Lexie Steven­son (Mad­die)

THE YOUNG & THE REST­LESS’ Lexie Steven­son (Mat­tie) is try­ing to el­e­vate aware­ness of a de­bil­i­tat­ing dis­ease

ABC Soaps In Depth - - Contents -

In 2012, THE YOUNG & THE REST- LESS’ Lexie Steven­son (Mat­tie) was in and out of ERs with ag­o­niz­ing ab­dom­i­nal cramps. Four years later, the beauty was fi­nally di­ag­nosed with en­dometrio­sis — an in­cur­able dis­ease that causes the tis­sue inside the uterus to be­gin to grow out­side that or­gan. Soaps In Depth re­cently spoke with her about liv­ing with the dis­ease, as well as her de­ter­mi­na­tion to in­form the pub­lic about it.

— Julie McEl­wain

Soaps In Depth: Why did it take so long for you to be di­ag­nosed with en­dometrio­sis?

Lexie Steven­son: For over 70 per­cent of women, it usu­ally takes [doc­tors] four to six years to di­ag­nose the dis­ease. For me, when I would go to the ER, they would ask my par­ents if I was un­der stress. Some­times they thought it

might be gas burn­ing the lin­ing of my stom­ach. But more than once, my par­ents were asked if I was get­ting enough at­ten­tion at home.

In Depth: So they thought the pain was in your imag­i­na­tion?

Steven­son: Yes, that’s ex­actly it. Es­sen­tially, they just didn’t know. Be­cause of lack of aware­ness for the dis­ease, they dis­missed what I was go­ing through.

In Depth: What hap­pened to fi­nally change that mind­set?

Steven­son: One night I was at my boyfriend’s house, and I was on the floor scream­ing. The pain was un­like any­thing that I’ve ever ex­pe­ri­enced. It was just aw­ful! What hap­pens is that en­dometrio­sis can cause liq­uid-like cysts on your ovaries. I had two on each ovary, and they rup­tured at the same time. I went to the ER. I’d had ul­tra­sounds done be­fore, but they had all been on the out­side, and not in­ter­nal. They fi­nally did

an in­ter­nal one and saw a growth that looked like en­dometrio­sis. They also found another growth that didn’t have any fluid in it — it was just tis­sue. So they wanted to make sure that it wasn’t can­cer­ous. I was sent to a spe­cial­ist who wanted to re­move the growth. He found a lot of en­dometrio­sis. He also found that a golf-ball-sized piece of in­tes­tine had been pinched off be­cause of the en­dometrio­sis. It was es­sen­tially float­ing there, but my body had healed it­self, which is kind of cool!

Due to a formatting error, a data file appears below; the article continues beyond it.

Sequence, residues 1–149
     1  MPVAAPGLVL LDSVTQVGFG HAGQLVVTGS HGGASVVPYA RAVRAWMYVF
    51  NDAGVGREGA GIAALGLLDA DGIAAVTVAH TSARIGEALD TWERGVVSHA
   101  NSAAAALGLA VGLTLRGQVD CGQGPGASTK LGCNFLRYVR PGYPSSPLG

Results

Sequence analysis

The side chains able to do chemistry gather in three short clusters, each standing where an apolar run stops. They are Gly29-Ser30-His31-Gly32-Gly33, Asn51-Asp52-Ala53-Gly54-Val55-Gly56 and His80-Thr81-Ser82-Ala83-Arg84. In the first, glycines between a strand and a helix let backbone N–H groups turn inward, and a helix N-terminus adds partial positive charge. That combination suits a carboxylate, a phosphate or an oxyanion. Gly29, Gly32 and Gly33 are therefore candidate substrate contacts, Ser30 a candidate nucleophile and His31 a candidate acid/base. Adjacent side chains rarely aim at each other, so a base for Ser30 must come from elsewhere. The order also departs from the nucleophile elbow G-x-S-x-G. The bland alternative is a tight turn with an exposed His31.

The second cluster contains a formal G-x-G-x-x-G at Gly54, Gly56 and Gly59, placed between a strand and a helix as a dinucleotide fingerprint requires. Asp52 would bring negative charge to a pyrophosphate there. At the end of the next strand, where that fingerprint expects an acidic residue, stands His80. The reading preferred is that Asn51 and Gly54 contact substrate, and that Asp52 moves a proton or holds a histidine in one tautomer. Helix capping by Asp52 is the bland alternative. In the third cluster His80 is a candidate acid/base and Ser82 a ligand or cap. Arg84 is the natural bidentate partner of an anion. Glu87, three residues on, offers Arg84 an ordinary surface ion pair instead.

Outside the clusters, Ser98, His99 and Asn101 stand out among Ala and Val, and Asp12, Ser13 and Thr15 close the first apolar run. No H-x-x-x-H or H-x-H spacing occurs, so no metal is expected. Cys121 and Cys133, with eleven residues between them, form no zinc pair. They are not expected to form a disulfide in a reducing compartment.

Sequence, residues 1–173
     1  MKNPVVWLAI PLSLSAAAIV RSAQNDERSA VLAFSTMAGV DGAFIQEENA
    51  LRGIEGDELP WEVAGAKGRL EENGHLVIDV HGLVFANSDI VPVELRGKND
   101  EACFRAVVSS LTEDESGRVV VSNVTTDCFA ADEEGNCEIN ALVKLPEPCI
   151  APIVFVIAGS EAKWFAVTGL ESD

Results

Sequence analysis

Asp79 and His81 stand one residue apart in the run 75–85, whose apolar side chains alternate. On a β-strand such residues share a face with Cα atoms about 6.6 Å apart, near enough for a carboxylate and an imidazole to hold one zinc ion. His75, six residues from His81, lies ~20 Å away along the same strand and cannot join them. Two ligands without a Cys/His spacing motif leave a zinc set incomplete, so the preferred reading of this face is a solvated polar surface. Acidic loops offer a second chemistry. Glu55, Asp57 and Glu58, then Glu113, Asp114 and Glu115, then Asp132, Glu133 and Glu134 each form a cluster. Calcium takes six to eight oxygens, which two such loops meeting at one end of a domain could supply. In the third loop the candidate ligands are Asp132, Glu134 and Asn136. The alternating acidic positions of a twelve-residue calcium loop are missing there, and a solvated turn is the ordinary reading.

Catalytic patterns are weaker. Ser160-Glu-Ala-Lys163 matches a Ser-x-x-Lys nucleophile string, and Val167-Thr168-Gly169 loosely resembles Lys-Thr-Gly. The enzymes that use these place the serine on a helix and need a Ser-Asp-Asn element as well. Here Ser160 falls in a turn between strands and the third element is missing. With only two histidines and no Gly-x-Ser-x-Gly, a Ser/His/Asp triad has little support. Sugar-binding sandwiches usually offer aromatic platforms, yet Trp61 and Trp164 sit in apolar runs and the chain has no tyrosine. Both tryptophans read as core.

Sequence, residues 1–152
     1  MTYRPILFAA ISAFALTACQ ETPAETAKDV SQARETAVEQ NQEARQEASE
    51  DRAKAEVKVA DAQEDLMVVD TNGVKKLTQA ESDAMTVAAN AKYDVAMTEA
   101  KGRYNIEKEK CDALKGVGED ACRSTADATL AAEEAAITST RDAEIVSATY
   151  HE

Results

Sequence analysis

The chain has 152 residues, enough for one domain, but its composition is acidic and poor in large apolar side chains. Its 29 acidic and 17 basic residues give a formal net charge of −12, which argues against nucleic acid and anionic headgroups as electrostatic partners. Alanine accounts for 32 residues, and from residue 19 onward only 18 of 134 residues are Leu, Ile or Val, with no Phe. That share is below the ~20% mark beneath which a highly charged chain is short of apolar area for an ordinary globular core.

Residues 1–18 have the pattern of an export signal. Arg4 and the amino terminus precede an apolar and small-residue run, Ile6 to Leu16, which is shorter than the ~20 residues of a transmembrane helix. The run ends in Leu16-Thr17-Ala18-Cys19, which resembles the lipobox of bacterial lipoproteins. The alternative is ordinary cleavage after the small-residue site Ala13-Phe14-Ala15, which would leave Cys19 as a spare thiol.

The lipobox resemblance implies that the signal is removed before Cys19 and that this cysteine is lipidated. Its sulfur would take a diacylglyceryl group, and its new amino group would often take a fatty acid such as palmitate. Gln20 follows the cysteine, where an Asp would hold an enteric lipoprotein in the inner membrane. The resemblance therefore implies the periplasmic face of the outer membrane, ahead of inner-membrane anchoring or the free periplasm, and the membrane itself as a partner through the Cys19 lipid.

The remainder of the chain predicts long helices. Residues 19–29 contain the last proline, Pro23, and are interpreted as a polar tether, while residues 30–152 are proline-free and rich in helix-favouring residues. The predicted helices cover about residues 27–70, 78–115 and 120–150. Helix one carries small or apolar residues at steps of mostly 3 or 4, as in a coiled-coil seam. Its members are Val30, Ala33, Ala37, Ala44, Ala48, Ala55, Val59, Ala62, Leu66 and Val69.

In Depth: Is there any­thing you can do when you are di­ag­nosed with this dis­ease?

Steven­son: There is no cure for en­dometrio­sis, but I’ve been try­ing to fig­ure out ways to man­age the pain. I was in­volved in sports, and that can help with the pain. I’ve tried cut­ting out gluten in my diet, which seems to help. About 70 to 80 per­cent of women with en­dometrio­sis go

gluten-free. It works for a lot of them to re­duce the pain. I’ve also limited my soy in­take. Red meat and dairy don’t bother me specif­i­cally, but I heard that it can bother other women. I’ve been go­ing through a trial-and-er­ror process. An anti-in­flam­ma­tory diet can help. And re­ally hot heat packs help by [re­lax­ing] the mus­cles in my stom­ach.

In Depth: Are there dif­fer­ent de­grees of en­dometrio­sis?

Steven­son: There are Stages 1 through 5. If you have Stage 5, you have en­dometrio­sis all over your pelvis area. I think I was a Stage 4. You can get it re­moved sur­gi­cally, but it of­ten grows back, some­times worse.

In Depth: You’ve gone pub­lic about hav­ing this dis­ease by blog­ging about it. Was that a dif­fi­cult de­ci­sion to make?

Steven­son: It’s a per­sonal is­sue, so some thought went into it be­fore I shared it. I wanted to do re­search and get my facts straight. But I thought if some­body reads it, and I can help one per­son, then that’s what I wanted to do. There are so many peo­ple who have no idea that they have this dis­ease.

In Depth: What is the one thing you want to ed­u­cate the pub­lic on?

Steven­son: It re­ally is aware­ness. When some­body says they are in pain, they prob­a­bly are. I wish my case had been taken more se­ri­ously, be­cause it would have saved me [from thinking it’s only in my head].

Steven­son says she’s in­spired by ac­tress/singer Zen­daya. “I re­ally look up to her. She’s an ac­tivist in all ar­eas — for the LGBQT com­mu­nity, the black com­mu­nity, and she’s a fem­i­nist. Not to men­tion, she’s an amaz­ing ac­tress!”

If she could work with one per­son on Y&R, Steven­son says she’d love to have scenes with Gina Tognoni (Phyl­lis). “She is such a crazy good, funny ac­tress! I love her en­ergy. I re­ally like watch­ing her. She’s in­cred­i­ble!”

Upon meet­ing her Y&R mother, Chris­tel Khalil (Lily), “I thought she was young!” re­calls Steven­son with a laugh. “But she’s amaz­ing. I re­ally like to talk to her out­side of film­ing. I al­ways ask for her ad­vice on a mil­lion things!”

“Daniel [God­dard, Cane] is my TV dad, but he’s also like my dad in real life,” the Y&R in­genue smiles. “I ab­so­lutely love him with my whole heart! He’s al­ways fun to talk to, and su­per funny. He’s al­ways there for me!”

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